May 2020 | Volume 21 No. 2
Research Lessons from the Emergency Room
Research is critical to the pharmacy profession and drug dispensation, but most pharmacy students do not get a deep, first-hand insight into that process. Dr Esther WY Chan of the Department of Pharmacology and Pharmacy set out to change that by incorporating undergraduate learning into a randomised clinical trial (RCT).
The RCT compared two different treatments – sedative agents and anti-psychotic drugs – in managing acute agitation or behavioural emergencies in Hong Kong hospitals. These emergencies may be due to mental illness and/or alcohol or drug intoxication and occur fairly frequently in A&E.
“RCTs are necessary to ensure that drugs are safe and effective for drug registration. Following registration, RCTs also provide information on how well drugs are working and to what extent they cause side effects in real-world practice. I wanted the students to understand the importance of this research and its role in pushing the profession forward,” she said.
Dr Chan invited final-year Bachelor of Pharmacy students and students on summer programmes to join her RCT. They were assigned to one of six sites where suitable patients were administered with either a sedative, midazolam, or one of two anti-psychotic drugs, haloperidol or olanzapine. She said: “The objective was to provide some answers on what type of dosing and administration would be suitable and how the different options compared.”
Moreover, there was a broader learning opportunity. “I told the students at the beginning that we cannot predict how many patients will be recruited and it may not be many, but they will also learn about everything else that is part of the clinical setting in a hospital,” she said.
Preparation of study drugs for use in clinical trials.
Students first did a literature review and background preparation to gain awareness of the many procedures and considerations involved in recruiting patients, including documentation and approvals from the Department of Health, ethics committees of Hospital Authority and patients. The students then did shifts waiting in A&E rooms for potential cases.
Not every patient with a behavioural emergency could be included, for example pregnant women or patients with a previous reaction to drugs were excluded. The students observed discussions between nurses and doctors on whether to include a patient and noted down important points, the obtaining of patient consent, the administration of the drug, and the patient’s response during their stay in the A&E. They were also tasked with reminding nurses and doctors when it was time to reassess the patient and determine the need for further drug dosing if necessary.
Hinson Lin Hin-sang, who graduated with a Bachelor of Pharmacy degree last year, participated in the RCT programme in 2017 because he wanted to learn more about research outside the laboratory. He was based in the A&E department of Queen Mary Hospital and said the experience was eye-opening.
“The patients were sometimes very agitated and required physical restraint. It was the first time I had seen patients like this and it was quite shocking when they kept shaking and shouting even after being restrained. This made me realise the importance of chemical sedation for protecting both the patients and healthcare professionals,” he said.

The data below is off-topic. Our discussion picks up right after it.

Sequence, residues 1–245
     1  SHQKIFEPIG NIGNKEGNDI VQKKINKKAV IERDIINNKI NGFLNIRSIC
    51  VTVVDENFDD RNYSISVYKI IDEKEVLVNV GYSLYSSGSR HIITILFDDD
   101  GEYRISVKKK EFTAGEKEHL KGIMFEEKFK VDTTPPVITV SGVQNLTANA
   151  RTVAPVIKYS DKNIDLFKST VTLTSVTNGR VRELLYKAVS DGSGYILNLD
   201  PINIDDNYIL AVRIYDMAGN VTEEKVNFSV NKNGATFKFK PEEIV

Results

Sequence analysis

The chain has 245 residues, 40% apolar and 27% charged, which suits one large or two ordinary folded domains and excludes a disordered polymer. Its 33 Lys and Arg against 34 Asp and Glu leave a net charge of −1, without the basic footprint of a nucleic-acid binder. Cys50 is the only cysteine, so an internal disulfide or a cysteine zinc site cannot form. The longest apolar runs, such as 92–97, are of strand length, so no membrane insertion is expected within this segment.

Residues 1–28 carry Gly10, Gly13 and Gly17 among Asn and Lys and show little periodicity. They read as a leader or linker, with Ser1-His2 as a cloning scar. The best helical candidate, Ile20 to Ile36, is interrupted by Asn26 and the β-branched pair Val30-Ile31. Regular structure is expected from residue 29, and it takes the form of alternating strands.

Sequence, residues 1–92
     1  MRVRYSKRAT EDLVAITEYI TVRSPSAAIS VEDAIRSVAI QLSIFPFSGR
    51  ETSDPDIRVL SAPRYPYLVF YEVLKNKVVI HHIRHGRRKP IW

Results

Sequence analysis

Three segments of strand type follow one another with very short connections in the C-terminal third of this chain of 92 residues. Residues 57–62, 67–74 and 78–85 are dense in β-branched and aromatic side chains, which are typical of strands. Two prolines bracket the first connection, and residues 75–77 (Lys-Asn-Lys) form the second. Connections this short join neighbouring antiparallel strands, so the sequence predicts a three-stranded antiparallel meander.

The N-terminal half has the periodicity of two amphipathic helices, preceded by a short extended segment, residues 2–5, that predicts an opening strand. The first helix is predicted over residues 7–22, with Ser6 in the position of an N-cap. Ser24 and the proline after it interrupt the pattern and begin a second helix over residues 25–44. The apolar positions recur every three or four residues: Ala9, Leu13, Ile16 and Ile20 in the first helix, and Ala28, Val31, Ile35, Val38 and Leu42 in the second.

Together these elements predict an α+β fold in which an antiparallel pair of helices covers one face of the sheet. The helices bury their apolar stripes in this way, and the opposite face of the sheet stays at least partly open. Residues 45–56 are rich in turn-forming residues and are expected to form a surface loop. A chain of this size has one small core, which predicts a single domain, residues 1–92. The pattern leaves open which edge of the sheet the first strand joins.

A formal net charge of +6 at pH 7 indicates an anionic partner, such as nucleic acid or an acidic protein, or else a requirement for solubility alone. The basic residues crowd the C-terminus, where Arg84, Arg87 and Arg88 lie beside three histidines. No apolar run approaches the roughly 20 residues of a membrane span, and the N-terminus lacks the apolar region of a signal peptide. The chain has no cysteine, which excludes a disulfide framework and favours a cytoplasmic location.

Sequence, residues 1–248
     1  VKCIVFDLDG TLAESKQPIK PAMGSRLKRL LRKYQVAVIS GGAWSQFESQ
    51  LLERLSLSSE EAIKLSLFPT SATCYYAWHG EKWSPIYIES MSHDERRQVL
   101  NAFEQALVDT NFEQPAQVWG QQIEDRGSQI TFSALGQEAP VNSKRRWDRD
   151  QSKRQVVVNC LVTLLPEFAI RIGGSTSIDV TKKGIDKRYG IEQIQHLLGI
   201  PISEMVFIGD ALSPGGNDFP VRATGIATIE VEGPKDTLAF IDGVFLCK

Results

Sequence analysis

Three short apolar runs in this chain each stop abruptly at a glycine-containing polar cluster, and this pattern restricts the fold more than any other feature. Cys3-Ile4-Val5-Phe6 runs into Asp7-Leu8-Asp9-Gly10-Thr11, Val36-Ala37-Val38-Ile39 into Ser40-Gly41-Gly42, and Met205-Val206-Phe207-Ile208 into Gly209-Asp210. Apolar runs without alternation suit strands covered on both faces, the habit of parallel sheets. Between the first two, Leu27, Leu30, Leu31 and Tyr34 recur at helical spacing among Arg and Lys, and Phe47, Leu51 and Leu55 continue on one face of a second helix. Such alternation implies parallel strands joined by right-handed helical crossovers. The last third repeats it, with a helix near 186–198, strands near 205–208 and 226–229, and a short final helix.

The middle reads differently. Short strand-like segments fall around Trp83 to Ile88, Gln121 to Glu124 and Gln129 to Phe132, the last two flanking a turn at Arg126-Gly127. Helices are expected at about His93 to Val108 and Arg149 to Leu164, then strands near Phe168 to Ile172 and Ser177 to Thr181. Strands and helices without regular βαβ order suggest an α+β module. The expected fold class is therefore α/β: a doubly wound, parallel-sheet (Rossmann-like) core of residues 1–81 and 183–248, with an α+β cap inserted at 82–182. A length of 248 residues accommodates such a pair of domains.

Miriam Leung, who graduated in 2018, joined the RCT in her final year. She was surprised by the lengthy process involved in recruiting eligible patients, but grateful for the opportunity to be in a hospital setting. “I gained valuable insight into how doctors and nurses work in the A&E department, which helped me later when I practised as a hospital pharmacist,” she said. She currently works as a pharmacist with a non-governmental organisation.
For Dr Chan, outcomes like these confirm the teaching value of involving students in RCTs. “This was an opportunity for them to appreciate that behavioural emergencies are emergencies just as much as heart attacks or strokes, which is important because mental health tends to be somewhat neglected in Asia,” she said.
A total of 20 students, including 12 on summer programmes and a PhD student, participated in the RCT. Apart from observing patients selected for the trial, they also recorded those who were excluded, which is an important requirement in the final report of the study and journal publication.
The RCT ended in September 2019 after five and a half years and Dr Chan is now circulating the manuscript for publication. The drug allocation was not revealed to students, patients and hospital staff at the time of patient recruitment but unveiled when the study ended. Midazolam was shown to be a little more effective for managing behavioural emergencies. Both anti-psychotics were effective and safe but olanzapine, a newer drug, performed somewhat better than haloperidol. This supported a key goal of the study, which was to show that olanzapine was a viable alternative for Chinese patients.
“The students involved in this project now have a basis for understanding not only how drugs are tested prior to drug registration but importantly, how registered drugs can be further assessed for safety and effectiveness. This is important first-hand experience,” Dr Chan said.
This was an opportunity for the students to appreciate that behavioural emergencies are emergencies just as much as heart attacks or strokes.
DR ESTHER WY CHAN